Doing my part in the Hurricane Harvey relief effort

New Practitioner Spotlight By Sarah Iannacone, PharmD

“Why do you want to go into health care?” This is a common question asked in job interviews, among family and friends, and entrance school interviews. For myself and many others, the answer is simple. “I want to help people.”

During my time in undergrad, I watched as fellow health care-bound classmates traveled to villages in Honduras to provide medical aid. I also worked with pharmacists who were part of the National Disaster Medical System with the U.S. Department of Health and Human Services and had volunteered with hurricane relief efforts in New Jersey when Hurricane Sandy occurred. Seeing others volunteer is what sparked my interest in completing a medical mission trip. During pharmacy school, I always wanted to assist with a volunteer mission trip and give back to a community in need of assistance. However, I wasn’t able to, because as most students know, pharmacy school is an incredibly busy time.

But my opportunity arrived as a New Practitioner.

Answering the call
It was during my first residency rotation with Intermountain Healthcare when I received a phone call from the preceptor for my infectious disease rotation, Dustin Waters, PharmD, BCPS. Dr. Waters had an opportunity for us to go to Houston, TX, to help out with Hurricane Harvey relief. He heard the Texas Society of Health-System Pharmacists was requesting help from pharmacists with expertise in infectious disease and emergency medicine and asked if I wanted to go with him.  

I couldn’t pass up the chance to go.  In September, we flew to Houston to help at the NRG Convention Center’s homeless shelter, which housed more than 2,300 people. We worked the evening shift at the shelter, assisting the physicians and nurses with dispensing medications to the patients staying there.

We made recommendations based on a limited formulary of medications that had been donated from independent pharmacies in Texas. We used our antimicrobial expertise to make recommendations based on possible community pathogens and the ability to store medications. Certain antibiotic suspensions require refrigeration upon mixing and when living situations were inadequate, this complicated things. Although in our make-shift hospital there was a mini-refrigerator that we used to store insulin and other medications, we also had to consider when people found new housing and how they would be able to store the medication later on. We had to think of ways to treat patients without compromising their care.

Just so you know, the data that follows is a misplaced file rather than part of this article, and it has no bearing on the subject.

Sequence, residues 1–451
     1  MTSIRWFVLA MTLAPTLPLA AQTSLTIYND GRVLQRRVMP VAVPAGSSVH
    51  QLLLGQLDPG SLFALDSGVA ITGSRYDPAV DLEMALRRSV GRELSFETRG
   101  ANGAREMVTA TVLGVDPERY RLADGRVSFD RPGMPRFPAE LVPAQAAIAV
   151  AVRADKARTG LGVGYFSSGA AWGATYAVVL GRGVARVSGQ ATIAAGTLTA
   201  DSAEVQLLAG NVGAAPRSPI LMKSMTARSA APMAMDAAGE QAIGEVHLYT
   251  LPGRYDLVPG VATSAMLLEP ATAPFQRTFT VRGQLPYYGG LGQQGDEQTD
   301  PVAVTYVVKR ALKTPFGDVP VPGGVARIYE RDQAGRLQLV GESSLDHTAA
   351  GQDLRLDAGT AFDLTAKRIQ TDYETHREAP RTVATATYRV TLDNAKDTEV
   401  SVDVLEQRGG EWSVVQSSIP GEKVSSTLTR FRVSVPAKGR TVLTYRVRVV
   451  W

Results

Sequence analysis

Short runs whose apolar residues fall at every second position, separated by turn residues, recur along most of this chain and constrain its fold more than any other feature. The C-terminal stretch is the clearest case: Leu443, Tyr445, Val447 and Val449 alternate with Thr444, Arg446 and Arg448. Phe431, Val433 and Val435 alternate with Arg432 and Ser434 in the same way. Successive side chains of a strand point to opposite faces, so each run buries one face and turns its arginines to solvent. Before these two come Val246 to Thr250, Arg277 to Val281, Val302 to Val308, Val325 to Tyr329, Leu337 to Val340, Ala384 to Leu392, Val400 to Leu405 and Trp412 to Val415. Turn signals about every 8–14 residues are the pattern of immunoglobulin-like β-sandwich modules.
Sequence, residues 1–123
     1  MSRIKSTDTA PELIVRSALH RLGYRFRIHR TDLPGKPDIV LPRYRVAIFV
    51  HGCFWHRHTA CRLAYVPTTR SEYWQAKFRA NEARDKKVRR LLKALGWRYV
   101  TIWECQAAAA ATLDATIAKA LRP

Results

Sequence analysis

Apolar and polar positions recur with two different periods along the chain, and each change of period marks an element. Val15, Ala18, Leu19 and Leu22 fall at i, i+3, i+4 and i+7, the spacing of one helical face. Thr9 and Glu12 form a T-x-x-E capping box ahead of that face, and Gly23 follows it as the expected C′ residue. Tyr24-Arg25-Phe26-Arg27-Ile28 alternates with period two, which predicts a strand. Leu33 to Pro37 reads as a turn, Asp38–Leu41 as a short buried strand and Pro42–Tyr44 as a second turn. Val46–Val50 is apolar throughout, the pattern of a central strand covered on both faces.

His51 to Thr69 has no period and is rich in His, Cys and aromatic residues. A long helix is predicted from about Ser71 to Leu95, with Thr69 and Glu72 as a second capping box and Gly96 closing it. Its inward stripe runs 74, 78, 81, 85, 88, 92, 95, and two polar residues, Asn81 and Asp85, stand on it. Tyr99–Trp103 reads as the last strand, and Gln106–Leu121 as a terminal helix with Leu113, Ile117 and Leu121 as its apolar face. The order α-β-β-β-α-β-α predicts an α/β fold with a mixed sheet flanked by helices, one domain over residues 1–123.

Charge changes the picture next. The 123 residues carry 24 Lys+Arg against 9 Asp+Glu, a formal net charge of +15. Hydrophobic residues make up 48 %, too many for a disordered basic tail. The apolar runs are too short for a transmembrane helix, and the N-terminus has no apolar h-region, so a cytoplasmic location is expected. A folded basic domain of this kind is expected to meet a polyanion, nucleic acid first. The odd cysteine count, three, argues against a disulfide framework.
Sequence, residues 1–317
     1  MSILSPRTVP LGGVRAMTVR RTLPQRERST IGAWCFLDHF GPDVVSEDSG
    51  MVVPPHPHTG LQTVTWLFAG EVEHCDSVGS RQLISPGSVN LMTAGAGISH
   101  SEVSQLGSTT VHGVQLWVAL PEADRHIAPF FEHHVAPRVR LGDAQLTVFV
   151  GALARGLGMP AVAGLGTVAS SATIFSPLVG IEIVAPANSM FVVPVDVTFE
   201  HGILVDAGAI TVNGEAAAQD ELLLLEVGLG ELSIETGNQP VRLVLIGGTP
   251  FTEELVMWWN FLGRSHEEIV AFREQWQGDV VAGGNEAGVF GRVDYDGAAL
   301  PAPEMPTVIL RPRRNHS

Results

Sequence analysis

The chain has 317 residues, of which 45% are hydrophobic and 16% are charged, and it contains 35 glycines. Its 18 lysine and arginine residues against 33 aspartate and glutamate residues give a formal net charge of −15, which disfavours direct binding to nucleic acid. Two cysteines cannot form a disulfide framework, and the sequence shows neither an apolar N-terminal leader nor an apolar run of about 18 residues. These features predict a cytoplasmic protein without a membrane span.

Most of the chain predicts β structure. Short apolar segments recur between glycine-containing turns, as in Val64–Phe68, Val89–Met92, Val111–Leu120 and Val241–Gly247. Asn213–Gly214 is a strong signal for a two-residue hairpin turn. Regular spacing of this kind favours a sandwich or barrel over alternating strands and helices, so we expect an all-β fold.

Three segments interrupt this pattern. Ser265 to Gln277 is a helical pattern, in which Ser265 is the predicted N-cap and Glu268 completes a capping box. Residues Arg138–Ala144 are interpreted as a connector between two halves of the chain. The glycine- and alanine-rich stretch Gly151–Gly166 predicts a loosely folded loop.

The experience I had made me realize even more how important health professionals are. We talked with local pharmacists about the aftermath of the hurricane and were told that many area hospitals became shelters, taking people into emergency departments for shelter. One hospital had to close down before the storm hit because they knew they would flood, so they transferred patients to other hospitals to continue proper care. When a natural disaster hits, it is hard to know what preparation requirements will need to be made.

Go for it
After this experience, I realized there are many ways pharmacists can use their knowledge to lend a hand. Administrating vaccinations to people at shelters to decrease the risk of an influenza outbreak, setting up isolation rooms for patients who may have communicable illnesses, and recommending appropriate medications are just a few ways volunteer pharmacists can help.

Going forward, I hope to be able to assist with more medical mission trips, both internationally and countrywide. Helping people is why I went into the health care field to begin with. Giving back to people who have lost everything was an unforgettable experience and I am so glad I had the opportunity to go.

To those who feel like they are too busy to take on a medical trip, I say go for it anyway, as you will not regret it. If now is not the right time for you to get involved, look into the National Disaster Medical System and see if it’s something you could do in the future. There are many different ways pharmacists can volunteer in community events and natural disasters, so do a quick Internet search. You will find the right one for you.